George Gregan - Rugby - AthletesVoice
George Gregan - Rugby - AthletesVoice


The changing of the guard

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The changing of the guard


Going into a new Super Rugby season, it’s like being a supporter of any footy team – it’s a fresh start.


There’s been a changing of the guard after the World Cup, as there always is. Players move on, careers end, others begin; including new Wallabies coach Dave Rennie.


Now Australian rugby has an opportunity to mould a bunch of new players and further develop experienced ones. It looks very positive.


I’m looking forward to watching Angus Bell at the Waratahs, a young, ball-playing prop with a big engine. In the tight forwards, particularly scrummaging, you earn respect by playing against the best. He’ll be tested in 2020, and that’s exciting. Because athletically and skill-wise he looks very good.


Isaac Lucas at No.10 played some very good rugby for the Reds. And the Brumbies have a 10 called Bayley Kuenzle who’s come through the U20s.


It will be exciting to watch these young men develop over the course of the season.


The new format looks good as there’s no break for the June internationals. Teams will play out a season, week-in, week-out, and develop a nice rhythm and flow.




Schooling ’em

Rugby Australia put a real focus on the U20s a few years ago and it was all about winning these tournaments.


The U20s is a very important pathway, as is schoolboys. It’s about preparing and coaching guys to win tough international competitions.


It’s not good enough to “compete”; they need to go in wanting, expecting, to win. It’s a habit like anything.


They need to learn what’s required to play and win at the highest level. 




‘A beast called AFL’

I’m often asked about New Zealand and how we can replicate what they do. However, the comparison at junior level is a bit silly – they only play rugby.


They’re able to be strong with a smaller population because such a large proportion of their population play rugby.


There’s a bit of rugby league on the north island, a little bit of soccer, so effectively there is no competition for the athlete. Conversely, in Australia we have a battle for the athlete due to four codes seeking out the best athletes.


It’s just that, culturally, rugby is what they do. The model is very bespoke to NZ.


In Australia, we have a beast in AFL and a strong rival in NRL. We have always had this competition and we have been able to survive, and prosper at times, by identifying the best athletes for our game. This is then supported by good coaching of the skills and techniques that are required to compete at the highest level.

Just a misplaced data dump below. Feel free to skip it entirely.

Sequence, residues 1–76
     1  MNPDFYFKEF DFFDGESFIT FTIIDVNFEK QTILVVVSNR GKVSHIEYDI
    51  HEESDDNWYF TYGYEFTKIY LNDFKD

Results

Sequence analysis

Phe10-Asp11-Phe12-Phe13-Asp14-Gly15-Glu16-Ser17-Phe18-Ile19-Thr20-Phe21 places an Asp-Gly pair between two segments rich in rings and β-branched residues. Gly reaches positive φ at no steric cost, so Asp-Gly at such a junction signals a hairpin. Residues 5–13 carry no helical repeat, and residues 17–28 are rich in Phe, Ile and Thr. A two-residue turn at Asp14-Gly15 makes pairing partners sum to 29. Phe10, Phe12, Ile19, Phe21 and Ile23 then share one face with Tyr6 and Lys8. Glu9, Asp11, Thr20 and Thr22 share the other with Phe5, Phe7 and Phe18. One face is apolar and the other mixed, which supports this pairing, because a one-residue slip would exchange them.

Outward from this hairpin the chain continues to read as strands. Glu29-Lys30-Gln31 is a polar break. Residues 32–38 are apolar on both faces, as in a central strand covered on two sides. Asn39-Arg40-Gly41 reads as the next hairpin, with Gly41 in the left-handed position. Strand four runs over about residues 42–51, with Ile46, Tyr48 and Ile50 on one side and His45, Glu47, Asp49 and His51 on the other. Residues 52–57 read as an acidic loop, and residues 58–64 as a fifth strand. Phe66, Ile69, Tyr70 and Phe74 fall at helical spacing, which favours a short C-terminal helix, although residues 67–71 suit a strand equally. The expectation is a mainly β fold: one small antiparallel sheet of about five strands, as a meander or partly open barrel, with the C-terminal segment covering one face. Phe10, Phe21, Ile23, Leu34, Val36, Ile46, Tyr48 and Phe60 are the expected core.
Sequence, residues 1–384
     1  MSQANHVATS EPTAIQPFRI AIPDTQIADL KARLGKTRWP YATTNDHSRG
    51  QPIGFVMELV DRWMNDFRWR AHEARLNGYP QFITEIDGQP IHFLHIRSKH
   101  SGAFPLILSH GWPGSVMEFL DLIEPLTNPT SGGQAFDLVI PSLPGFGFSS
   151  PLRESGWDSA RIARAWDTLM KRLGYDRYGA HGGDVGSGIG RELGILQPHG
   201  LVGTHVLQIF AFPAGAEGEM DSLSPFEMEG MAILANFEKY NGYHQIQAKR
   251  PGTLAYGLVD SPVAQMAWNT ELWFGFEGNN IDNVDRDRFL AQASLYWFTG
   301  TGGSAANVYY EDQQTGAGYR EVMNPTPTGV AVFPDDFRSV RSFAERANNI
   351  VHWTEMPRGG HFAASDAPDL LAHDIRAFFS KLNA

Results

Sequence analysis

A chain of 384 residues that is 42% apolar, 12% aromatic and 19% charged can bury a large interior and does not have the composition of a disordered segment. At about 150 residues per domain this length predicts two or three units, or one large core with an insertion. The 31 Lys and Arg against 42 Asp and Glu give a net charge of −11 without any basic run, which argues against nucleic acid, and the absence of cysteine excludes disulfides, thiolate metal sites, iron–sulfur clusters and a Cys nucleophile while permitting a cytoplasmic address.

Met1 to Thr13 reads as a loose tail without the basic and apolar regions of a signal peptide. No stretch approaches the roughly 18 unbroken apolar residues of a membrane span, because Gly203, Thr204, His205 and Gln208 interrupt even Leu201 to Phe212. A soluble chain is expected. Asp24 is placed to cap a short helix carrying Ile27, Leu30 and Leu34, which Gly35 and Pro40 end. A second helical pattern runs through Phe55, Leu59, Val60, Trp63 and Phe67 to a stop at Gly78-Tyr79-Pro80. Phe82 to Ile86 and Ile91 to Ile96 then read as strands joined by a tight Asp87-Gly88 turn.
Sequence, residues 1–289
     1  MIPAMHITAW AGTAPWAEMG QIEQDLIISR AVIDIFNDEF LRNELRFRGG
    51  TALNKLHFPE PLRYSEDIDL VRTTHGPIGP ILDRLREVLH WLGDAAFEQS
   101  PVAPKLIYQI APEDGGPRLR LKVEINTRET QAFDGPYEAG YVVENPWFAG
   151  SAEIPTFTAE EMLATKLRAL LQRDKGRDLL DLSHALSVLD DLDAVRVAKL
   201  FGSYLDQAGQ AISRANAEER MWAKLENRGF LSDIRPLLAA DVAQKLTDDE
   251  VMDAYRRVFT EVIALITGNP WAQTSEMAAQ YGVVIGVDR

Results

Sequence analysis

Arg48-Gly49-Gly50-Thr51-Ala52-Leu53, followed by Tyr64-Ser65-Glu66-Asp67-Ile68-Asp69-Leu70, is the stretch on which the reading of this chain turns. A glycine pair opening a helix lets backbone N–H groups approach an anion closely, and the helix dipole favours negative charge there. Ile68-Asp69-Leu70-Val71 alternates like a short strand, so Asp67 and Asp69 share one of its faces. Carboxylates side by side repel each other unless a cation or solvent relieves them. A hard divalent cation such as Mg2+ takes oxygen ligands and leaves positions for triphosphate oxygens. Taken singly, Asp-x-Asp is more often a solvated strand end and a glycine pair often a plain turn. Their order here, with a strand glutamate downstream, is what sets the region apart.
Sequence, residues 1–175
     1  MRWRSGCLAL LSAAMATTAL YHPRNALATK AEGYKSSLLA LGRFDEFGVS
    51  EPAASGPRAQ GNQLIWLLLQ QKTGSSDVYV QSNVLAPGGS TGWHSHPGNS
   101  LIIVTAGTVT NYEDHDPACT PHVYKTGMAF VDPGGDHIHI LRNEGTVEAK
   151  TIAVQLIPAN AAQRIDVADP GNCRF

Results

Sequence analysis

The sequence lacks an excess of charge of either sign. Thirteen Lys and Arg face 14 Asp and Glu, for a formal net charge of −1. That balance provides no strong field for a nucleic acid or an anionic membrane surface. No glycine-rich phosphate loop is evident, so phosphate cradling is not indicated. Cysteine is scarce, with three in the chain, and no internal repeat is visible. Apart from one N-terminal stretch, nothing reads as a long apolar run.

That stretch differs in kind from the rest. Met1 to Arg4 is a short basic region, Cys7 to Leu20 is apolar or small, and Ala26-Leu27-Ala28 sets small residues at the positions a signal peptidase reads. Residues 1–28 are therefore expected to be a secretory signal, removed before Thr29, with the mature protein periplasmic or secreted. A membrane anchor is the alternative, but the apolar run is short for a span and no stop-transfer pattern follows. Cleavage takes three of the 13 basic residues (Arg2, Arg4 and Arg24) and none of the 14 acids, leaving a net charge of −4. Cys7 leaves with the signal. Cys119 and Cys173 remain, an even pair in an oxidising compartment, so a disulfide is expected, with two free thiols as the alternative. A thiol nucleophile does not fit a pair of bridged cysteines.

We should, of course, spread rugby outside of private schools, as we can always do better to ensure that the talent doesn’t just come from that one source. As important as school rugby is, with club rugby in the grassroots communities, talent can be nurtured in other parts of the country as well.




Leading from the top

Dave Rennie and Rugby Australia will be working together to get what they want, and working with the provinces to create skillsets, a level of fitness and rugby acumen for the players.


When the national team has been playing well, there has been a real consistency in what is required. As well as a good relationship with the national coach and state teams.


Those teams will always want to win and there will be subtleties in how they play. However, we have to nail down how we want to play in Australia. This will require everyone working together to achieve this outcome.


Players need fundamental skills that hold up under pressure.





From what I’ve seen, the Chiefs under Dave Rennie were very positive. They found space, used the ball in hand, a smart kicking game with very good skills from 1-23.


They were also very intelligent, with the ability to adjust on the run depending on the opponent and the conditions.


When they won back-to-back Super Rugby titles, they were composed and had a really clear understanding of how they wanted to play which helped them under pressure.


So yes, he’s a very smart coach and the players will have a very good understanding of how they need to play in all parts of the field.




My thoughts on Giteau Law

I like Dave’s comments about guys playing overseas: we want to develop players in Australia.


Having them play abroad and come back can be beneficial but there is a dilemma in what you don’t know; such as their level of training and fitness in terms of Test match intensity and skill development.


I like what he is saying. Nurture talent here and, if required, there is always the option to bring back an experienced player.


The opportunity to play overseas is always going to be there.





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